The differential voltage VD may alternatively be created by marginally varying the power supply voltage for the power supply of the selected isolation device while maintaining the supply voltages of the remaining power supplies constant. Alternatively, the remaining power supply voltages may be marginally varied while maintaining constant the supply voltage of the power supply of the selected isolation device.
The first isolating device 22 is provided with a first current sensor 24 in the form of a series connected resistor in combination with a differential amplifier 42 for measuring the voltage across the resistor and outputting an analogue value to an analogue to digital converter 25. Second current sensor 27 similarly comprises a resistor provided with a second differential amplifier 46 which provides an analogue signal to a second analogue to digital converter 29.
A control logic circuit 44 is connected to the first power supply 12 to provide a logic level signal L1 for margining up and down the outputs of the first power supply during each test cycle. The control logic circuit 44 and analogue to digital converter 25 are connected to the system controller 48 via a data bus 50 providing two way digital data communication. The databus 50 therefore carries to the system controller 48 the sensor signal S1 which represents the results of testing and also carries control commands C1 from the system controller 48 to the control logic circuit 44 to initiate steps of each test cycle. The second power supply 14 is similarly provided with a second control logic circuit 45 for providing logic level signal L2 for margining the second power supply 14 and a databus S1 for carrying sensor signal S2 and commands C2.
In the embodiment of
The first and second power supplies 12 and 14 in the embodiment of
In use, the first and second power supplies 12 and 14 are operated with equal output voltages VS to provide an equal share of current to load 18. A test cycle is initiated by the system controller 48 at predetermined time intervals or in response to an external control signal from a management system 52. The control procedure for the first phase of the test cycle will now be described and comprises a short circuit test of the first isolation device 22 and an open circuit test of the second isolation device 26.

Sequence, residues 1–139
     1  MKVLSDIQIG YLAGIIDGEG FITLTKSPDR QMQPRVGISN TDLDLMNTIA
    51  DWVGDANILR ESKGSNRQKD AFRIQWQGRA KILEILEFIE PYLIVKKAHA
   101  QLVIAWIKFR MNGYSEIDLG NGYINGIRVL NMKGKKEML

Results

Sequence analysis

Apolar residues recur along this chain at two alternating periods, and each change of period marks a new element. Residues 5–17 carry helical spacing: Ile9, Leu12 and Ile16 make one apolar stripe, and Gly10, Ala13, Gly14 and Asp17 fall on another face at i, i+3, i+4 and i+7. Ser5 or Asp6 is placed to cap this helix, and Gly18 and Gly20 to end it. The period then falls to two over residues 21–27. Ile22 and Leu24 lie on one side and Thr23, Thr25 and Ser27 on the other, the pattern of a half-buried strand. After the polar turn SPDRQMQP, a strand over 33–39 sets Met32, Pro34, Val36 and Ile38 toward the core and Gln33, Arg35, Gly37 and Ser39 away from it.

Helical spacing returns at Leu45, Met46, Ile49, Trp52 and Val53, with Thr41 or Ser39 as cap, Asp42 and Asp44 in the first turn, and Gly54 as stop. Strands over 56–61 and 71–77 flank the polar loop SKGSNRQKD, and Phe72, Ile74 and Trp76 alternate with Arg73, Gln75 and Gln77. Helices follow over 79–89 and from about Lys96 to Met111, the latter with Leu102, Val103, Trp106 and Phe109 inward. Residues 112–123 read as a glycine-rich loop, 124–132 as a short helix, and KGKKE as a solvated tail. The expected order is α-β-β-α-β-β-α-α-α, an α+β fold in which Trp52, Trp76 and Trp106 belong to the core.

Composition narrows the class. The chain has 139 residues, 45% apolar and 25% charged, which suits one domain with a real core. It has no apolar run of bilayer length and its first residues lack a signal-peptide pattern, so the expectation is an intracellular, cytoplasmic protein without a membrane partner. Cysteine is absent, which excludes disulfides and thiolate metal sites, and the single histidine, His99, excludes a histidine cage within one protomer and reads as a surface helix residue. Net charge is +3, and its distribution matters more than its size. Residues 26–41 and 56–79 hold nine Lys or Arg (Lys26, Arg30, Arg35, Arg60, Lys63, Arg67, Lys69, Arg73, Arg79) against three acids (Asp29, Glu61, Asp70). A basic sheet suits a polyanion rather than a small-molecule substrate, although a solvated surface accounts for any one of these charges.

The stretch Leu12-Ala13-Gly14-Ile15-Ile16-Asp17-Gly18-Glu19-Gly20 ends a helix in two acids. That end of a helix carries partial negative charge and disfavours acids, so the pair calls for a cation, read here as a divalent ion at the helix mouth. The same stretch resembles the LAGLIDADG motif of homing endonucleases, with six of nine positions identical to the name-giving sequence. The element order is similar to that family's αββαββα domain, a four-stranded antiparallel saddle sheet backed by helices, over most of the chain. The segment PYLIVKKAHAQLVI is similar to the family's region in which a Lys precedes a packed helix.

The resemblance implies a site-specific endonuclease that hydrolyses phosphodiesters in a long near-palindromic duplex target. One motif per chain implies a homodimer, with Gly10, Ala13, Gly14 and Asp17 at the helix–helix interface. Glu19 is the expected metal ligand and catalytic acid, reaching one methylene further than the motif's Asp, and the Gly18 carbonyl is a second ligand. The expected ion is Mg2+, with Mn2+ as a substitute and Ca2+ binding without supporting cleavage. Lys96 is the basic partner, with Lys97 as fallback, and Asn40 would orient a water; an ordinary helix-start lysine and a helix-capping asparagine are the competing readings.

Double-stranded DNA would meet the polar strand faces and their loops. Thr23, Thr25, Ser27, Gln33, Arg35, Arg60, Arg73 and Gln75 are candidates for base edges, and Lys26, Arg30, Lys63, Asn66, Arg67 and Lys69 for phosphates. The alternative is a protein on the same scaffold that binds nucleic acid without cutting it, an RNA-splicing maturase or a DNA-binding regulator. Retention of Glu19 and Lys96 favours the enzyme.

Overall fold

The system controller 48 outputs commands C1 and C2 via databus 50 and 51 to the control logic 44 and 45. In response to command C1, the control logic 44 outputs logic level signal L1 which margins down the output of first power supply 12 by ½VD. In response to command C2, control logic 45 outputs logic level signal L2 which margins up the output of second power supply 14 by ½VD. The characteristic bias voltage VB of the first isolation device 22 which in this example is a single diode is 0.6 volts and it is therefore sufficient for the test procedure for the differential voltage VD between the outputs of the power supplies to be such that the actual forward voltage VF across the first isolation device is reduced to a value of less than 0.6 volts. At this point, conduction through the first isolation device 22 should cease if it is functioning correctly and this can be detected by measuring the current I1 using the first current sensor 24. If the system controller 48 detects from S1 that the current I1 is turned off in response to the margining of the power supplies 12 and 14, no short circuit fault is detected in the first isolation device 22. If, however, the current I1 is a finite negative amount, this is indicative a short circuit fault condition existing in the first isolation device 22.
The current I2 in the second isolation device 26 is at the same time measured and is expected to be positive since the second power supply 14 will continue to supply the load 18 when the first isolation device 22 turns off in the absence of a fault condition. If however the current I2 is measured to be zero, this is indicative of an open circuit fault existing in the second isolation device 26. In this event, the first power supply 12 would continue supplying the load 18.
A second phase of the test procedure is then followed comprising an open circuit test of the first isolation device 22 and a short circuit test of the second isolation device 26. In this case the system controller 48 sends new commands C1 and C2 for selecting new logic level signals L1 and L2 to margin the second power supply 14 downwards such that VS2=VS−½VD and to margin the first power supply 12 upwards such that VS1=VS+½VD. This is followed by the measurement of the currents I1 and D2.